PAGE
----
And yet, former CIA officers who vigorously oppose this administration have signed public letters and gone on network television to protest the exposure of her identity as the greatest national security breach of the century.


Larry Johnson, a former CIA officer who became a deputy director of the State Department’s counter-terrorism bureau, has launched an internet witchhunt against Karl Rove for allegedly “outing” his former Camp Perry classmate, Valerie Plame. (Gee, Larry: Guess everybody must have known about Val’s Camp Perry date with you, so it’s okay to talk about that, right?)


Novak’s column takes the wind out of their sails. Not only was Karl Rove not Novak’s primary source, but Valerie Plame’s role at CIA was so well-known that a CIA spokesman, Bill Harlowe, was able to confirm to Novak that Plame had suggested Wilson for the Niger trip.


Like Novak and hundreds of others of reporters, I have had dealings with Harlowe over the years. Even if you had nailed down the identity of a covert CIA operator who had worked for the agency 20 years earlier, Harlowe would never confirm that person’s existence. The standard line was to neither confirm nor deny.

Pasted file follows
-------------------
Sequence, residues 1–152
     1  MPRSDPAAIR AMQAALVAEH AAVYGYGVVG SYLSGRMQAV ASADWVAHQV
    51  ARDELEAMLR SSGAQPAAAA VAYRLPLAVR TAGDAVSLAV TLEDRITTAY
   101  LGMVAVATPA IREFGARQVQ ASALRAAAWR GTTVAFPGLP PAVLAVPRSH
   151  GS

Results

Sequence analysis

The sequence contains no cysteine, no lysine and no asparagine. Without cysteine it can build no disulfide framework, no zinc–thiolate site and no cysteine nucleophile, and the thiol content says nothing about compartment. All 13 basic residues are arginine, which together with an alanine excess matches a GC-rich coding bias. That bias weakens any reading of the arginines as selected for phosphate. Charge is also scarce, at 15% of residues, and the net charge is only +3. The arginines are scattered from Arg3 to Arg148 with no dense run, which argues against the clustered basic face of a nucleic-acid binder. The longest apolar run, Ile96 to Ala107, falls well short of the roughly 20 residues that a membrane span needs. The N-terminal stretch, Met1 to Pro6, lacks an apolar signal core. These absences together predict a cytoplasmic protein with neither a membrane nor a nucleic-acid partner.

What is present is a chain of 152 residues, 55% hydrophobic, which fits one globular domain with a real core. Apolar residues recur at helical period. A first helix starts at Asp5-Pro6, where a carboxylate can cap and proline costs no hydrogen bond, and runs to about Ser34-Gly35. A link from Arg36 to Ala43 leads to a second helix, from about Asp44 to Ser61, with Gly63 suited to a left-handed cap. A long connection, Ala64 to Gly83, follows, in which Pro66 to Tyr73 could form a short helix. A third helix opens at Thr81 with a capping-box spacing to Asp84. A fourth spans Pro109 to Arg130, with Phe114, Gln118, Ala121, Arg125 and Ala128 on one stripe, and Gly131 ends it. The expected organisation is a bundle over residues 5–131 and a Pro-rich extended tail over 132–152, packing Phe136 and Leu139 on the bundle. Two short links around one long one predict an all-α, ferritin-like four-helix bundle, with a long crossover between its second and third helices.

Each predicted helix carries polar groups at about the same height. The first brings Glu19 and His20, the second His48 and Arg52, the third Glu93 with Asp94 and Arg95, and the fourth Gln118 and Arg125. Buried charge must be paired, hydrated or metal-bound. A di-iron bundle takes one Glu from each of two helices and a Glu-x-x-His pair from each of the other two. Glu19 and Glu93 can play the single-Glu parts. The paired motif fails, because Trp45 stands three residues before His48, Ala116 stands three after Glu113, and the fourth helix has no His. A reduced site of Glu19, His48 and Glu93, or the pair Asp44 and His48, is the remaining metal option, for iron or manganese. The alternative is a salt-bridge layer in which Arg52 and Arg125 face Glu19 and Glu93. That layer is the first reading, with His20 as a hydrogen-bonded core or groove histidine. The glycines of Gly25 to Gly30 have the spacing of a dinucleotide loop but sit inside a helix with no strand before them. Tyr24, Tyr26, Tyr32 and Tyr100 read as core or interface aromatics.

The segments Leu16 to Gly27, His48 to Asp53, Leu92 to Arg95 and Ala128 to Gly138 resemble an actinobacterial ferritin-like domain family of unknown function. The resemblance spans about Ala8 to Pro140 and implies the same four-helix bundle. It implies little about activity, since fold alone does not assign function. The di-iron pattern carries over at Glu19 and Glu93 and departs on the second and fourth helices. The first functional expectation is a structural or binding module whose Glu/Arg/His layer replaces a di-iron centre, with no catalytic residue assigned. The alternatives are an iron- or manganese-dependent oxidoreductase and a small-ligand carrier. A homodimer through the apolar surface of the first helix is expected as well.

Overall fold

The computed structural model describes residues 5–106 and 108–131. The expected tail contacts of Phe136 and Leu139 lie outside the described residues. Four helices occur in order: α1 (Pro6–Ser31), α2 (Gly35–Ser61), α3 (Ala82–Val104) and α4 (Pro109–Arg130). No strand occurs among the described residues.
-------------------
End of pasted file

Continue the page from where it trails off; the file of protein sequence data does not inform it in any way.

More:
But if you asked if so-and-so who was posted overseas to a U.S. embassy, and was now working as an analyst, could give you a background briefing on their subject of expertise, he would at least get back to you with a yes or a no.


And that is exactly what he provided to Novak. The CIA public affairs office was his third source.


Larry Johnson and others had kvetched that Novak blew Valerie Plame’s cover at her “top secret” CIA proprietary, Brewster Jennings, in Boston.They allege that Plame was working undercover as an energy industry analyst to penetrate Iranian nuclear procurement networks.


But guess what? It wasn’t Bob Novak who revealed that Valerie Plame may have been working undercover (with an alleged tie to the alleged Brewster Jennings in Boston, which now hosts an Internet game similar to “Where in the World is Carmen SanDiego”?)


It was left-wing columnist David Corn, writing in The Nation, just two days after Novak’s first column.


It turns out that Corn is a close friend of the Wilson/Plame couple, and knew all about their various foreign outings. Unlike Robert Novak, he didn’t need to consult “Who’s Who in America” to learn Valerie Plame’s name.


If any security breach occurred with the disclosure of Valerie Plame’s name, look toward Joe Wilson, who posted his wife’s name to “Who’s Who,” and to their circle of political and professional friends.

My hunch: it was all part of a carefully orchestrated public relations scheme, that netted lying Joe Wilson prime time television appearances, a best-selling book, and a $2.5 million contract for the memoirs of Madame.

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Kenneth R. Timmerman was nominated for the 2006 Nobel Peace Prize along with John Bolton for his work on Iran. He is Executive Director of the Foundation for Democracy in Iran, and author of Countdown to Crisis: the Coming Nuclear Showdown with Iran (Crown Forum: 2005).